Classic Mistake #2: So I’ve made a strategy, let’s go get the software.  Not so fast. With clear articulation comes the second step: communicating the strategy to the rest of the company and your guests.  Not much new technology is needed for this step, either.  However, you are guaranteed to fall short of your CRM goals without effective communication throughout the company.  Meanwhile, the CRM Hero grows ever more frustrated that people don’t “get it.”  Yet, people are the most vital, and the most frequently overlooked, part of the equation.  As service providers, we all know that our frontline people have the power to make or break the relationships we enjoy with our guests, but it is stunning to note that occasionally this basic truth gets forgotten. If our people don’t understand the importance we are suddenly placing on effective relations with our guests, those relations will be anything but effective.  
Which leads us  to….

Classic Mistake #3: OK, we’ve got everybody jazzed about this CRM thing; let’s get some technology in here to help them.  Sounds great, but help them do what?  The same things they did before you got them the technology?  While those things worked really well for you under your old way of managing the business, remember that this is a new way of thinking you’re trying to impart.  With new thinking must come new ways of working, which means you will need to lead the way in helping your company look at things the same way your guests look at things.  These guest-centric business processes are simple in concept, but much more difficult to get your people to design.  Some companies have taken the radical step of inviting customers into their process design meetings to be sure they’re taking a customer-centric approach.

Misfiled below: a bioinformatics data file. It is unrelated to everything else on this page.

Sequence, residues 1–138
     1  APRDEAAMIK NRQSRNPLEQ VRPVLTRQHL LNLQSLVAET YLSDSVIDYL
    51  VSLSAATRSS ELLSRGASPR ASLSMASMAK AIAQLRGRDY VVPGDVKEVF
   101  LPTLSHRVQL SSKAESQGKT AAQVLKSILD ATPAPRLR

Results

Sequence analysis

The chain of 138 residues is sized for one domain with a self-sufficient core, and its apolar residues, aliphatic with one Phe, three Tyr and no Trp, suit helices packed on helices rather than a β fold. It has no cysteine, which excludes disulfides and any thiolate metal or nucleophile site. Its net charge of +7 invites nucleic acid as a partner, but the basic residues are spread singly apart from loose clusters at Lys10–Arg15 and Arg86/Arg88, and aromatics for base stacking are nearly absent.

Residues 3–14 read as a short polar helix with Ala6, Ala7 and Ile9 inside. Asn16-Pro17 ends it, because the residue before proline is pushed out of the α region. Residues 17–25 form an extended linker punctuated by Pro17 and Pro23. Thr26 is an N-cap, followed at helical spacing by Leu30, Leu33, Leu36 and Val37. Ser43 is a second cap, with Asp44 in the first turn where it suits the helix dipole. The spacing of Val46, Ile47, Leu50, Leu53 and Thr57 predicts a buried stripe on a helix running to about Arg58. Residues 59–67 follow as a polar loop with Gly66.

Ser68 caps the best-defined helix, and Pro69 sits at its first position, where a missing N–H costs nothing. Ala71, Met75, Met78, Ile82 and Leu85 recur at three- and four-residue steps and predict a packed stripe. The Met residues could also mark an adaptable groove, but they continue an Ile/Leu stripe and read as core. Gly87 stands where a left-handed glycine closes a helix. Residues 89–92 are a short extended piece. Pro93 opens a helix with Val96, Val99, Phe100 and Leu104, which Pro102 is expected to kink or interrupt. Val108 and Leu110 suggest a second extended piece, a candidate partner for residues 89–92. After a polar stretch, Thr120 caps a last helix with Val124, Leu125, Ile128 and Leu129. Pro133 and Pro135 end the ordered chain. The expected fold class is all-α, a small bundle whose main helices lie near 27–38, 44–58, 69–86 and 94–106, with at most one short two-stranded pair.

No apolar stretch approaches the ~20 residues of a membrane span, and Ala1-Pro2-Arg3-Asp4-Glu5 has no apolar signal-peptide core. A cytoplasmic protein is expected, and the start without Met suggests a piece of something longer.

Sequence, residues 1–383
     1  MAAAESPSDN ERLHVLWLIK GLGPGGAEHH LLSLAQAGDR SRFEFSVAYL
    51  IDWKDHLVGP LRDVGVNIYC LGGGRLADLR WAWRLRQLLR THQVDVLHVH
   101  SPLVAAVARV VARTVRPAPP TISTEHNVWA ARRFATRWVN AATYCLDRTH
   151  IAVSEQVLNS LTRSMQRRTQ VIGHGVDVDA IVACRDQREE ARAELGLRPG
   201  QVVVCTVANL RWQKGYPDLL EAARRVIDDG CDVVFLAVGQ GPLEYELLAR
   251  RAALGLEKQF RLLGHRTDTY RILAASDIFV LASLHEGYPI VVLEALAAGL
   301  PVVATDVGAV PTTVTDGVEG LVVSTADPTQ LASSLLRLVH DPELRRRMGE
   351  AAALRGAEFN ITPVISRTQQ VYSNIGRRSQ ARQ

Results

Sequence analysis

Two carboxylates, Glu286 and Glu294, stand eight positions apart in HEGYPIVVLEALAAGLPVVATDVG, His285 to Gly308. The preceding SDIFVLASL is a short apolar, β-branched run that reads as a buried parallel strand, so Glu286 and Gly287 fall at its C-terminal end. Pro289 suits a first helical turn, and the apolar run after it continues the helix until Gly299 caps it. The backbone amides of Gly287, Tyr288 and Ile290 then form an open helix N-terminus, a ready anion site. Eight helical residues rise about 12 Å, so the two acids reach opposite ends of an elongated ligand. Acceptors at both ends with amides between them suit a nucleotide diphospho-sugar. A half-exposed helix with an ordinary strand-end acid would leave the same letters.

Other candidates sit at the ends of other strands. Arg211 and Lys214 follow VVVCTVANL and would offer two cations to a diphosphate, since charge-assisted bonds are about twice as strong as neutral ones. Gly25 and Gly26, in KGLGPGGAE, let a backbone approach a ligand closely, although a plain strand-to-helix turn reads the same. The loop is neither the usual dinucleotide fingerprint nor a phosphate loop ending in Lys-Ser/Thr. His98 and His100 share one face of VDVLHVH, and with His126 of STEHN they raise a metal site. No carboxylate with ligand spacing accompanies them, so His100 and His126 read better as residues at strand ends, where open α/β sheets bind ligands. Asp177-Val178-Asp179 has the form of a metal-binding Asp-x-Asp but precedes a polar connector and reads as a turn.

Classic Mistake #4: We know what we’re trying to do, everybody’s on board and our processes are aligned with the desired guest experience – now all I need is a new POS system, a data warehouse, a campaign management tool, new call center software for my reservations agents, a good PMS built on the latest platform and a new yield management tool.  It’s finally time for technology, but if you follow this approach your systems integrators will be happy, though your IT shop won’t be when they have to keep all of these balls in the air.  Integration is the key – single points of data collection, techniques for data cleansing and easy ways of getting the right information to the right people in a way that allows for seamless, consistent, personalized service.

Keys to Successful Implementations 
 

1. The Keep It Simple, Stupid (K.I.S.S.) Principle. There are a few home truths about successful CRM implementations. The K.I.S.S. principle is highly applicable. Over-complicating the process does one thing – it succeeds in extending the duration, potentially causing budgetary overruns. In the words of Dr. Chekitan Dev, associate professor of strategic marketing at Cornell University’s School of Hotel Administration, “Do not draw up a long-winded program. It is important to have quick hits that show short-term benefits – this will help to get people on board, since they want to see results. Maintain the built-in potential to upgrade… a simple process that grows organically will be the most successful, and yield the best results.” If you must plan a gargantuan CRM program, “break it down into shorter-term, focused projects with clearly defined business benefits and success metrics”1 . This brings us to the second key to success.